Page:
Colorado Supreme Court
Office of Attorney Regulation Counsel
Promoting Professionalism. Protecting the Public.
October is Legal Professionalism Month, a time to recommit yourself to demonstrating the highest standards of civility and integrity while promoting public confidence in the profession and the legal system. As guardians of the Rule of Law, lawyers should embody professionalism in all they do. Not only do lawyers serve as representatives of their clients, they serve as officers of the legal system and citizens having special responsibility for the quality of justice. To fulfill these roles, lawyers must make professionalism their intrinsic standard and ideal.
So, what does it mean to be part of a profession? At the outset, being in a profession requires specialized dedication and discipline. In addition, when discussing the legal profession, many refer to the practice of law as carrying a sense of "calling." The concept of the legal profession as a calling suggests that its members invest a special devotion and direction in response to their desire to practice law.
Legal professionals also hold a special role in society. During law school, lawyers become more aware of, and sensitive to, things like political variables, and this awareness makes lawyers important contributors to boards, governments, civic groups, etc. There is an expectation that a legal professional act with integrity in all facets of one's life. Courts expect that legal professionals' obligation to conduct themselves as members of a learned, disciplined, and honorable occupation includes non-professional matters. See, .e.g., Lincoln Rochester Trust Co. v. Freeman, 311 N.E.2d 480, 483 (1974).
Essentially, then, being a part of the legal profession is a privilege gained from an internal desire to commit oneself to the practice of law and a willingness to espouse the virtues of the profession in all aspects of one’s life.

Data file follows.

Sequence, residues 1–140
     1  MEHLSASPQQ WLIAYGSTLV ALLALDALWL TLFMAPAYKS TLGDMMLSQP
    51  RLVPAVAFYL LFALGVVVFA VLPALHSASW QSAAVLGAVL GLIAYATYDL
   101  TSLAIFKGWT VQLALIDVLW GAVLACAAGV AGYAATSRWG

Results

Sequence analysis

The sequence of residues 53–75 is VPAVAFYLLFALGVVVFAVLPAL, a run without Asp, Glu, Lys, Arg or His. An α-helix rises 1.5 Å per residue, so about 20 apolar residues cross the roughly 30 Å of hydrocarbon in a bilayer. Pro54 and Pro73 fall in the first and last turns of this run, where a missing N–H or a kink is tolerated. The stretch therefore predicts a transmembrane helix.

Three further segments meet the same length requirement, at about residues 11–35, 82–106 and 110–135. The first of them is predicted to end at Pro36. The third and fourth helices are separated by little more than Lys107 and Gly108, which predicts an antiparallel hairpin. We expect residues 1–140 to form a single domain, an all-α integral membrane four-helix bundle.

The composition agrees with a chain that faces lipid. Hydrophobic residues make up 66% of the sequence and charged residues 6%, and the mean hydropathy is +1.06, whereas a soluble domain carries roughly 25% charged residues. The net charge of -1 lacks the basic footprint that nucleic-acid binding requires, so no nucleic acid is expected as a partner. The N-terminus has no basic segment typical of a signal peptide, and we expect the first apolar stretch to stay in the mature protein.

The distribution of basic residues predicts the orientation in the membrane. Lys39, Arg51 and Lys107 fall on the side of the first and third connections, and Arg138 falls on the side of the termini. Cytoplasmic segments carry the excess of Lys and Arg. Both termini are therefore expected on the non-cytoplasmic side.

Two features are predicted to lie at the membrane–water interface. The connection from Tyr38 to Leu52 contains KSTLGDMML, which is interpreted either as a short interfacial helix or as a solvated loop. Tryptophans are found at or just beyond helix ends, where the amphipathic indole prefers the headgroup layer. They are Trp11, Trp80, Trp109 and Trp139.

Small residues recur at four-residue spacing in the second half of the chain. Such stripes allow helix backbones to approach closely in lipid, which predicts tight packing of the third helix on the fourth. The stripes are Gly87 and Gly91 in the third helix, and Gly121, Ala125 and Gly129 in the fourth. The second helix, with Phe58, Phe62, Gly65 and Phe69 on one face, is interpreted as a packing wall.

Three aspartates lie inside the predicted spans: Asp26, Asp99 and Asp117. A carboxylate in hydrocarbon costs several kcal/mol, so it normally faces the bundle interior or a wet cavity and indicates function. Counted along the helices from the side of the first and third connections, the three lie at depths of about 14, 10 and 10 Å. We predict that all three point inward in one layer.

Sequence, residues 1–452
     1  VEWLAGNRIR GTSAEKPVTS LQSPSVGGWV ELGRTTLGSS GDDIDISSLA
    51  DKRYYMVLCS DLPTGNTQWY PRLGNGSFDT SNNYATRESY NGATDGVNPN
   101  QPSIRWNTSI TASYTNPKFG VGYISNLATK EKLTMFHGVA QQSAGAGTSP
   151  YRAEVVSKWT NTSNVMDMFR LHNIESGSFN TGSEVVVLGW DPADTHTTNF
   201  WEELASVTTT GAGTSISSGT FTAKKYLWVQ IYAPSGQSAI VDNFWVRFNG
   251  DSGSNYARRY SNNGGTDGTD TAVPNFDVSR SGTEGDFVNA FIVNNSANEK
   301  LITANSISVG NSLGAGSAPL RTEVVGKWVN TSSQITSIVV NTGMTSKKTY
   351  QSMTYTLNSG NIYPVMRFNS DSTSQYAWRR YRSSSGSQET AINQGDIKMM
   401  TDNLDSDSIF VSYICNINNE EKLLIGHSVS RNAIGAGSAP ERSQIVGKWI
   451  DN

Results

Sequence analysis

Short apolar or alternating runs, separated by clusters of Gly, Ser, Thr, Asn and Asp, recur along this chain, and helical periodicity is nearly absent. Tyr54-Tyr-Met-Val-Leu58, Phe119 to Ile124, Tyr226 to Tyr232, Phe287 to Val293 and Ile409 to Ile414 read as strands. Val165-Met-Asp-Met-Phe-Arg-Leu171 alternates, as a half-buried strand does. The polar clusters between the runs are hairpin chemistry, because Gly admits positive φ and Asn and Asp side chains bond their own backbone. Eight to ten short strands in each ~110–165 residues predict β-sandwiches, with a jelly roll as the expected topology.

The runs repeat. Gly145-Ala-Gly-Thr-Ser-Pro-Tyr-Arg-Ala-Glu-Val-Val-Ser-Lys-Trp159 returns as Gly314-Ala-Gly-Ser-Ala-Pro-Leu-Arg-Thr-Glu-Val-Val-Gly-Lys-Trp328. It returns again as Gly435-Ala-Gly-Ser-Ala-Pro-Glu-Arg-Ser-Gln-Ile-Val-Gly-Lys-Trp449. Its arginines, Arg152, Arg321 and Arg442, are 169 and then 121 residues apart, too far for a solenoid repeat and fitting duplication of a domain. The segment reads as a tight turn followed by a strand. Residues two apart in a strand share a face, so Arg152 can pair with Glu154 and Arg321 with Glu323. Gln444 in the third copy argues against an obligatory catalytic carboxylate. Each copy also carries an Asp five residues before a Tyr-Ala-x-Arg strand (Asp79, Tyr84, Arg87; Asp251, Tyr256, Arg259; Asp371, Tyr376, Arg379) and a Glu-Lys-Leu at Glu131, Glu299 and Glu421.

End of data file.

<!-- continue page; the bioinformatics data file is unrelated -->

Past Colorado Bar Association President Mark Fogg devoted much of his term to promoting a “professional identity” of lawyers. As he says:
“We take an oath. ‘I will use my knowledge of the law for the betterment of society and the improvement of the legal system. I will never reject the cause of the defenseless.’ We have legal, moral, and ethical duties to others. Last I checked, we don’t have a fiduciary duty to make a profit off of our clients. However, at any partner’s meeting, there is the continuous debate that creates a tension over whether practicing law is a profession or a business. Of course, the reality is that it is partly both. You have to keep the doors open to do any good works. Still, more and more we see the law being treated simply as a business. It’s not. We have the unique opportunity to provide services to others, which have the potential to have an incredible impact on their lives. This is a privilege not given to many.”
As a lawyer, you take an oath to faithfully and diligently adhere to the Colorado Rules of Professional Conduct at all times. This means that in your professional and personal capacity you must avoid conduct that reflects adversely on your honesty, trustworthiness, or fitness as a lawyer; or directly, intentionally, and wrongfully harms others. This is a high standard and one that can only be met by embodying professionalism in all that you do.
One easy way to uphold the standards of the legal profession is to seek good role models. Engaging in a meaningful mentoring relationship will compel you to examine your professional identity and more broadly define it to encompass who you are as a lawyer and as a person. The Colorado Attorney Mentoring Program (CAMP) fosters this development by structuring educational engagements between mentors and mentees to create competence in professionalism.
The message to all lawyers in Colorado is clear. To maintain and strengthen the social contract lawyers have with society the profession must socialize each generation of practicing lawyers into the principles of professionalism and the important elements of an ethical professional identity. Join us in this work and visit www.coloradomentoring.org for more resources and to find your professionalism mentor.